In 2009/10, we continued to work on improvements on a number of business policies and practices. These included:

  • A comprehensive review of fourteen of our internal HR-related policies. This review sought to align our policies to current legislation and to good HR practice, and included a full staff consultation phase.
  • Significant progress on our programme of work to better manage our records as set out in the Public Records Act 2005.
  • Changes to our independence processes and systems that improve the effectiveness and relevance of independence checking for staff.


In July 2009, we relocated the staff of the OAG and our shared corporate services staff (about half of our Wellington staff) to a single floor in another building. For the last few years, our 220 Wellington-based staff have been located on seven floors and in two buildings, significantly restricting the extent to which collaboration and sharing of ideas can naturally occur. Moving OAG and corporate services staff has reduced our Wellington accommodation to three floors in two buildings. This co-location has, as anticipated, improved our internal communications and collaboration.

We have previously identified the advantages of co-locating OAG and Audit New Zealand Wellington staff. We delayed our search for suitable premises in 2009/10, as we believed that the Wellington property market would continue to soften during the year. We expect to continue this work in 2010/11.

The Office's other facilities, including Audit New Zealand's other offices, continued to meet the needs of the organisation in 2009/10.

Information systems

The Office, especially Audit New Zealand, is highly dependent on information technology to complete its work. Audit staff working in the field need to have remote access and communications tools to ensure an effective, efficient, and customer-focused service. The OAG needs systems to manage the approximately 4000 audits we are responsible for.

Throughout the year, we continued to invest in maintaining and improving the infrastructure supporting our auditors. Our normal rolling programme of laptop computer replacement was continued, and this year we implemented an annual maintenance programme for those laptops not yet due for replacement. We have continued to improve the network and computing infrastructure in our regional offices, and have increased the capability and security of our remote access solutions. These programmes have led to a significant improvement in laptop and network reliability for our audit staff during 2009/10.

On 1 July 2009, the Office's new core financial system and integrated time and cost management system became operational. The new system replaced several separate systems that were no longer able to meet the information, management, and security needs of the Office. The replacement system contains increased functionality, including process workflow management and significantly improved operational and management reporting functions. While some components went live later than planned, the new system has been a success.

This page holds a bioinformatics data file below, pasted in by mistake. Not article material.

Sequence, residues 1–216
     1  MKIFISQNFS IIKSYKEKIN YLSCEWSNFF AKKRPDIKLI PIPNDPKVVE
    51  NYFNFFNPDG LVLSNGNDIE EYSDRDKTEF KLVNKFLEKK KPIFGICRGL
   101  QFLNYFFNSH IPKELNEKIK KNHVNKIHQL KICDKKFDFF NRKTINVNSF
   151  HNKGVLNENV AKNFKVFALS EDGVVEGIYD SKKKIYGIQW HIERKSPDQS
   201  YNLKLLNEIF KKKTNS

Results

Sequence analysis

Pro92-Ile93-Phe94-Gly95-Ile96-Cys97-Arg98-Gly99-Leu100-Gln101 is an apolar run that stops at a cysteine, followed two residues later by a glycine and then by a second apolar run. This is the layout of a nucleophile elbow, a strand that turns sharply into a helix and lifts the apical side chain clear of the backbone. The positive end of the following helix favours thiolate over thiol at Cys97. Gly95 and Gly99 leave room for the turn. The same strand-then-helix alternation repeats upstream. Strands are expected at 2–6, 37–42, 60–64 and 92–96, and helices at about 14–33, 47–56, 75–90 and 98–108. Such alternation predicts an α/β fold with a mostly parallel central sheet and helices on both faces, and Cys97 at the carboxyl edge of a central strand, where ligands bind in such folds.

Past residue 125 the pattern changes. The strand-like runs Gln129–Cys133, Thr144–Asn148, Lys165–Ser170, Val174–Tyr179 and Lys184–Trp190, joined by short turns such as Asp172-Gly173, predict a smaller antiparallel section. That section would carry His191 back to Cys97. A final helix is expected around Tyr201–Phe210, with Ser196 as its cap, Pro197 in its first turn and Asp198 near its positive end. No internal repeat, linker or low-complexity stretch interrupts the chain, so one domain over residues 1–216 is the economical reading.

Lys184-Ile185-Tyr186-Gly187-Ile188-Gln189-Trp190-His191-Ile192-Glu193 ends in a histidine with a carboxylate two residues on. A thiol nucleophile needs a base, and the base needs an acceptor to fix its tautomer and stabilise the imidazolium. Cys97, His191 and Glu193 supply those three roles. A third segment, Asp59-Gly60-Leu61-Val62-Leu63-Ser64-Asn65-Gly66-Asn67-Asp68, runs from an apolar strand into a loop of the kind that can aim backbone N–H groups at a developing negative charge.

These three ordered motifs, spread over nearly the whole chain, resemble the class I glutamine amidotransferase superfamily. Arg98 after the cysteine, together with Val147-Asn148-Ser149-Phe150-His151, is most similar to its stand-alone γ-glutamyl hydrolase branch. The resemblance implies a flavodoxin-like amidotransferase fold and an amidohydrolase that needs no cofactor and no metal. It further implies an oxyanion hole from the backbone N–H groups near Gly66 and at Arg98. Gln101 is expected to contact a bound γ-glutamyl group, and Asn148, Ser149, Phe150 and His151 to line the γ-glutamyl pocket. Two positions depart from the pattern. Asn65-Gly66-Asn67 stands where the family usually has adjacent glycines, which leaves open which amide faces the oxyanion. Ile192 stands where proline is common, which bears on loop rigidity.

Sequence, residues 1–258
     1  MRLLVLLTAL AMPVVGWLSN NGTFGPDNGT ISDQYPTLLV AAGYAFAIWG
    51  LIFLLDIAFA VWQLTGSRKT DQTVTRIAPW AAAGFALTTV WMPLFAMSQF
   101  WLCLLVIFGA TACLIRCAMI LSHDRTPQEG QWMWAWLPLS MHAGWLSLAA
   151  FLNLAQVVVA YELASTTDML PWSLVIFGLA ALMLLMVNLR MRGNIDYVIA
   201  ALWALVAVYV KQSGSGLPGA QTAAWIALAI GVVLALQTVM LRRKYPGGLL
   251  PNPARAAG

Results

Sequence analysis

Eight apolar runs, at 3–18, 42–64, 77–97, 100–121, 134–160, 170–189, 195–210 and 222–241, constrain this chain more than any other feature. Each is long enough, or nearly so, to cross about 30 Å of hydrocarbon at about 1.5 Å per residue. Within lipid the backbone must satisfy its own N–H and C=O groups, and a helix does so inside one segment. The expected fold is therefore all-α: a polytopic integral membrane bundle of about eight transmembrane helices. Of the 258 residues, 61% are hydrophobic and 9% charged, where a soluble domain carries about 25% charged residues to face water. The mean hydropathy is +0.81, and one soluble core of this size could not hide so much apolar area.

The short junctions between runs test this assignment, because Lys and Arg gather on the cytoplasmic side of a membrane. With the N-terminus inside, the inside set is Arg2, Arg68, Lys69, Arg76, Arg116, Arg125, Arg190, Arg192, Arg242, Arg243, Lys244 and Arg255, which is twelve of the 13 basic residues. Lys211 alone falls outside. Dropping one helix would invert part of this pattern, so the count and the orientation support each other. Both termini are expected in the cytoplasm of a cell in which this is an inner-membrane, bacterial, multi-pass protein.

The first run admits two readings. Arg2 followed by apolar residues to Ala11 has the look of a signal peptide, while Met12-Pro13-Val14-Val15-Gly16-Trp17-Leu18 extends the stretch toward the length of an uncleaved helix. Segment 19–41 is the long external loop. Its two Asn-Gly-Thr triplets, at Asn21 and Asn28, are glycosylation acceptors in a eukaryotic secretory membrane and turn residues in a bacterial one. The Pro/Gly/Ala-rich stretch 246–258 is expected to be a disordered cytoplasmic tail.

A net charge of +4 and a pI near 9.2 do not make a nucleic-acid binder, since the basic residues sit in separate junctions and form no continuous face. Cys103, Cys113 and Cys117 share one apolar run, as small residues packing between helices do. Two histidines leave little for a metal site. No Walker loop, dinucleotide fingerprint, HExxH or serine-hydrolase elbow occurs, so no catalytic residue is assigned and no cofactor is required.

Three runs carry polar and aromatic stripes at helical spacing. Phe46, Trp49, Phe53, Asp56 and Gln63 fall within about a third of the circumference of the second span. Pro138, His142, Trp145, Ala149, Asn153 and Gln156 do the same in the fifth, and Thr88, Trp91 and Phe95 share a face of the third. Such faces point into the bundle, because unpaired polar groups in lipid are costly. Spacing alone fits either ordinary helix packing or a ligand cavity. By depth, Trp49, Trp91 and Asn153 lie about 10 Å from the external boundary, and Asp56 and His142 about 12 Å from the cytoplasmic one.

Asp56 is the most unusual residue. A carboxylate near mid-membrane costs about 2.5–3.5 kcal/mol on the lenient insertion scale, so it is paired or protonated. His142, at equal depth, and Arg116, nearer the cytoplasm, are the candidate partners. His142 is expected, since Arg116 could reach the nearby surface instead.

Also in 2009/10, we completed enhancements to the Office's audit management system. This included new functionality that allows appointed auditors to enter the results and details of audits directly through the internet, reducing error rates, reducing double handling of documents, and increasing the timeliness and accuracy of information.


Details of our financial performance against measures established in the Annual Plan 2009/10 are summarised in Figure 34.

Figure 34
Financial performance indicators for the year ended 30 June 2010

Measure 2009/10
Supp. Estimates
Annual Plan
Operating results
Income: other than Crown 63,939 62,955 62,728 60,506 58,525
Output expenditure 71,784 72,796 72,641 69,934 67,861
Surplus before capital charge 2,278 264 165 750 549
Surplus 2,014 18 0 486 285
Working capital management
Current assets less current liabilities 1,804 1,742 1,779 1,687 2,324
Current ratio 118% 121% 123% 118% 130%
Average receivables and work in progress 42 days 41 days 38 days 42 days 42 days
Resource use
Total plant, equipment, and intangible assets at year-end 2,265 2,299 2,397 2,351 1,847
Additions as % of total 41% 52% 44% 64% 42%
Taxpayers' funds
Level at year-end 3,521 3,521 3,521 3,521 3,521
Net cash flows
Surplus on operating activities 1,801 642 990 2,233 452
Surplus/(Deficit) on investing activities (801) (1,086) (946) (1,428) (652)
Surplus/(Deficit) on financing activities (486) (486) (150) (285) (469)
Net increase/(decrease) in cash held 514 (930) (106) 520 (669)